These Two Founders Say This Is The Right Time To Quit Your Job To Build A Startup
Samir Goel and Wemimo Abbey have come together to found Esusu, a financial tech platform empowering immigrant communities to save better, manage their cash flow, and build credit through a digitized rotational savings system. The two cofounders have raised $250,000, with Sinai Ventures as the lead investor. The two cofounders left prestigious jobs at LinkedIn and PricewaterhouseCoopers, respectively, to build Esusu on a full-time basis. Goel, 24, graduated from New York University in 2016. Abbey, 26, holds a Bachelor’s in Business Management from the University of Minnesota, and a Master’s in Public Administration from NYU.
Frederick Daso: When is it time for an entrepreneur to leave their full-time job and pursue their startup?
Samir Goel: That’s an excellent question. I worked at LinkedIn for about three years, and for two of those years, I was also working on Esusu with Abbey. Today, there’s kind of this myth that to be a successful entrepreneur, you need to drop everything, take a million risks and start working on your venture. My sort of belief around that is most people don’t have the privilege or opportunity to do that. A smarter approach is to work on what you’re building on the side and validate your idea.
Some of the challenges we faced when we first started were developing the product, attracting an initial customer base, and validating our marketing was done right. After that, the biggest challenge we faced was just hours in the day.
Wemimo Abbey: I left my job at PricewaterhouseCoopers in mergers and acquisitions. Esusu isn’t our first rodeo since we’ve done different entrepreneurial ventures before together. Esusu is unique because we have the necessary mindset, we work well together and we have a plan that to hold ourselves accountable. Now, we are just executing against the strategy.
Daso: Fantastic. How did you guys manage to fund Esusu on the side, and how does navigating that challenge impact your ability to provide financial services for immigrants using Esusu?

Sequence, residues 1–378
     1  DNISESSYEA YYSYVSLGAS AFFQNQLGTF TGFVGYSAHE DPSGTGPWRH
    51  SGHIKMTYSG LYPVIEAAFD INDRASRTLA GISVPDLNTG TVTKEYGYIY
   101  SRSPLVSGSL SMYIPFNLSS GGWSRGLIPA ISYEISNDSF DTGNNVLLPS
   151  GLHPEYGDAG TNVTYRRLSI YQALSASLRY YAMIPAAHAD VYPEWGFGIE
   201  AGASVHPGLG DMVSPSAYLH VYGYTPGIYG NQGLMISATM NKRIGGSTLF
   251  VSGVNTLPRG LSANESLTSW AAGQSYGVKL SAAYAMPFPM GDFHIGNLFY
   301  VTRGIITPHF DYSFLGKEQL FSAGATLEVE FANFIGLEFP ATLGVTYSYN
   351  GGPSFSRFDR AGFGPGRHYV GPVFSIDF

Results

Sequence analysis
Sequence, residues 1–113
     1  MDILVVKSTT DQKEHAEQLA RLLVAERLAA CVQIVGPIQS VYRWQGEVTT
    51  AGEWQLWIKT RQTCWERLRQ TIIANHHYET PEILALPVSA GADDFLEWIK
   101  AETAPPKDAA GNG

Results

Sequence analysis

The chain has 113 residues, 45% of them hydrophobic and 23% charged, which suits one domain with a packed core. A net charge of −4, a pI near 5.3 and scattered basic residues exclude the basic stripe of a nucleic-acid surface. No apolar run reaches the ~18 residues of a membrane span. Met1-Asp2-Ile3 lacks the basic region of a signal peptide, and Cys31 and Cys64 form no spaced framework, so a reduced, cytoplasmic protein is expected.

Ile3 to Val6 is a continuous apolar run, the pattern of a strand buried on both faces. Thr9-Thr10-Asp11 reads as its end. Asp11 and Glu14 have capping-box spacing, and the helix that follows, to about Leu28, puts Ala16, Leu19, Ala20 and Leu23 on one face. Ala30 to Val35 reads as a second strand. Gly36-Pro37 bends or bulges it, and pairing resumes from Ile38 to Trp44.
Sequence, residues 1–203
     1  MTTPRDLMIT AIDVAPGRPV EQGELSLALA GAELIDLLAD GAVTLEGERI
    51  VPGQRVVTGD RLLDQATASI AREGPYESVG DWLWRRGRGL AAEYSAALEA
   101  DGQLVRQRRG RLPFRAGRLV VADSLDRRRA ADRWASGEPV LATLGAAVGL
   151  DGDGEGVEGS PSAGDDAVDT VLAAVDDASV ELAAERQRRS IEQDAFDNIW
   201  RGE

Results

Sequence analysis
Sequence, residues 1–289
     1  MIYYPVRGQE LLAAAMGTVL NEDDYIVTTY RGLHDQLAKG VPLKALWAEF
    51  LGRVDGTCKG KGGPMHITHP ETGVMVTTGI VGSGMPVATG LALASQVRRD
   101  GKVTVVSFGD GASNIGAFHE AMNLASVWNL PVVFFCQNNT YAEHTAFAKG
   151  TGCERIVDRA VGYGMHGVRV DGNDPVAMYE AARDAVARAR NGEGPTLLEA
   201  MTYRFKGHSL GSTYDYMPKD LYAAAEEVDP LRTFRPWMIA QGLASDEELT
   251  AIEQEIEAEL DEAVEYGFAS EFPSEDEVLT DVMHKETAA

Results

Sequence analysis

Abbey: Great question. We have done three things. While we were in corporate America working for over two years on this idea, we came up with a plan. How do we prepare ourselves to fund the business in its infancy when no one would take a chance on it, and then grow it to a point where people would believe in it? So, Samir and I invested a large chunk of our money to ensure this goal. The second part is setting money aside for when we do leave so the business itself doesn’t falter, and we don’t sink with it. Third, we had to get people to believe in our idea by trying to raise capital.
Goel: One of the things that we did not want was a portion of the businesses money going to sustain Abbey and I. We wanted every dollar that an investor puts in our business going towards scaling the company and making sure that we are delivering value to our customers.
Before I left LinkedIn and Abbey left PwC, we both maxed out our 401ks; we found different kinds of ways to get matching contribution perks from our companies. We made sure that we were well set up to execute against the plan and go to market successfully.
Daso: How does your meticulous experience managing your personal finances bleed into your product Esusu, and how does that benefit your customers going forward?
Goel: That’s a terrific question. We are trying to avoid building something and just wait while expecting people to come and approach. We’re looking to go directly to our customer, understand their problems and pain points, and create a product that services them. Abbey and I both come from immigrant backgrounds. Because of our personal finance experiences, we know where to look. We know what questions to ask. We know the areas that people struggle. We still listen to our customers to resolve those kinds of pain points we want to solve.
Abbey: One of the things that we try hard to do is to put ourselves in our stakeholders’ shoes. We’ve been there before, and we are empathetic towards them. Two, we try as much as possible to think about diversified product offerings that would be beneficial to our user base. When we started Esusu, our core product was just savings through pooling capital from your trusted groups of friends and family. Our customers have asked for features such as helping report rent payments to improve their credit score, or services such as a financial literacy class at a university. We tend to be more responsive to our customers dictating to us what they want.
Fundamentally, we want to create that bridge to financial access and inclusion through Esusu. That’s what we fight for every day.
This interview has been lightly edited for clarity and readability.
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This work was first published on Forbes.